This was going to be Birdbrain as a nod to Birdsuit above, but I’ll go with this for the chorus in tribute to Eva

Backer Laureate

Not a lot of headspace this week, so not a lot to put here. It’s been a week at work this week, although to be fair it always is.

We’ve got our Laureate in place now. Once Imitiaz Dharker said no it was always going to be Simon Armitage. Dharker would have been brilliant, but I think Armitage will be too. He’s accessible enough for everyone, he’s clever enough for those interested in that side of things. He wears his learning and insights lightly, but there’s plenty of it/them.

I’ve been listening to his Oxford lectures when I have time, and I’ve just finished his Elizabeth Bishop one. I’m going to have read Bishop now, although to be fair, I’ve been meaning to for a while. Her collected work is sat on the TBR pile by my bed, but keeps getting pushed down when new books arrive. I’ve not ordered Armitage’s new one yet, but I suspect it won’t sell out immediately, or more likely there will be enough printed.

Armitage’s Kid was one of the first poetry books I bought. I bought it in Norwich Waterstones – the one in the Arcade. It was Kid with this cover

Kid

Having heard him on late night radio shows with Mark Radcliffe, I sort of knew what to expect. I remember hearing him read Wintering Out, Ice and possibly The Metaphor Now Standing on Platform 8 on those shows.

Ice struck a chord with me because of the subtle Wedding Present reference at the start of the second stanza. I was, and still am, a massive fan of TWP, but I was most surprised see a poet making reference to Brassneck in the poem of the same name when I started reading Kid. The subject matter of pickpockets, the swearing, the class references, the usage of football as a backdrop was unheard of to me at the time, so it certainly changed my idea about what poems could be.

I even named one of the first poems I wrote after reading it Armitage Shanks as a sort of tribute. It’s basically all his fault.

And it was this edition of Poetry Review, again bought in Norwich Waterstones that introduced me to poems of his that would go on to feature in Dead Sea Poems. And loads of other amazing poets, including Lavinia Greenlaw, Don Paterson, Jamie McKendrick, Sarah Maguire, Mick Imlah, Kathleen Jamie and some woman called Carol Ann something or other…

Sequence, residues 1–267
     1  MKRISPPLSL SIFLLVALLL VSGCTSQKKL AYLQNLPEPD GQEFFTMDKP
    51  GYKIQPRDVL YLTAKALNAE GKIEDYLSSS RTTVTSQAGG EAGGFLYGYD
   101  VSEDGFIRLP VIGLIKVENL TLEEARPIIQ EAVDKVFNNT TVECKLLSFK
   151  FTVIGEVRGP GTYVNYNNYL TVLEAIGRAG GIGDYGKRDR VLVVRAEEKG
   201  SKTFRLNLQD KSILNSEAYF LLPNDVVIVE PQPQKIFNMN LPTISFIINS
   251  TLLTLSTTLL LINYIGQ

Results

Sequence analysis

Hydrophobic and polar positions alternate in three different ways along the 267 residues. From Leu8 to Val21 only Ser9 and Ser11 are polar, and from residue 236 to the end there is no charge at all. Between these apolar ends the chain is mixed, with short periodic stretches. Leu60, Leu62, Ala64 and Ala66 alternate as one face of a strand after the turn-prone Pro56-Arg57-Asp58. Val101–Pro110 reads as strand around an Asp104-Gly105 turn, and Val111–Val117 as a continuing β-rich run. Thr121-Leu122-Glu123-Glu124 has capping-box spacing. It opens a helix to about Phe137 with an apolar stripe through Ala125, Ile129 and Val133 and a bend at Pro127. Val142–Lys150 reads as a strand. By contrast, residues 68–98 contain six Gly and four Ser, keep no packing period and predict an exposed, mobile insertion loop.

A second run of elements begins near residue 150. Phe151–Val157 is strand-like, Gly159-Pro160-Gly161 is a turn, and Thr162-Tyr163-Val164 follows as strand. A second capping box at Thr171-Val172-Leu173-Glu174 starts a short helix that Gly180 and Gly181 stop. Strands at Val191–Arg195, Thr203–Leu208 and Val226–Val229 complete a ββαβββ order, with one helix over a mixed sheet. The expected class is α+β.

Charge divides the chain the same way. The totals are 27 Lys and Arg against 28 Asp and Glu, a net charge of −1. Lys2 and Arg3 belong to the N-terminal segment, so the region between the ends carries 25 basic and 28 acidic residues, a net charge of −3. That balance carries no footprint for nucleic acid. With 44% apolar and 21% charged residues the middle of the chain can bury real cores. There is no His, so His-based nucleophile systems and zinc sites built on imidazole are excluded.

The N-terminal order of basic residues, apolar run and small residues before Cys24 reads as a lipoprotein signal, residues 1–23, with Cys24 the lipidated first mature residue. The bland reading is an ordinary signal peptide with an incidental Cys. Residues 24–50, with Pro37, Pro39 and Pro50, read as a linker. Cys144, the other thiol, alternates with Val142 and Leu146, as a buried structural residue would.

I’m not going to go through all of his work as he’s still going strong and I didn’t intend to write that much. Also, I don’t have it all. I’ve not got Xanadu, Twilight Readings, Stanza Stones, Pearl, Still or Black Roses – that said, I’ve got a download of the radio transmission of that last one. Flit is sat on the TBR pile too. So, who next him or Bishop?

It’s insights like these that keep you coming back…

TITLE GIVEAWAY

  1. The Court Might Be Yours, And There May Be A Ball In It, But It’s My Ball And I’m Taking It Home
  2. A Chicken And Egg Situation
  3. The Finished Schematics For A Chicken And An Egg
  4. If I Had To Chose
  5. Poem With Backing Vocals

The week in stats:

1 journey to Birmingham and back for work purposes, which afforded me the chance to work on

1 review written for London Grip. Not sure when it will be out, if at all

2 runs, low kilometrage due to a)journey to Brum b) lacking the requisite arsedness c) ongoing lung knack. d) I’m assuming I actually get up and run tomorrow to make the second run an actual thing.

2 scraps of ideas noted down in emails to myself

1 trip to Wembley to watch Leyton Orient with two mates and their dad. Missed you, Geller-son.*


* Also not happened yet at time of writing, but I will miss Geller. I’m writing this early as I may well be in my cups by the time I get in tomorrow.

Sadly, there isn’t a decent video of Armitage’s work with TWP – England, although there is this one. So we’ll have to make do with this. Or should I have gone with a Scaremongers tune?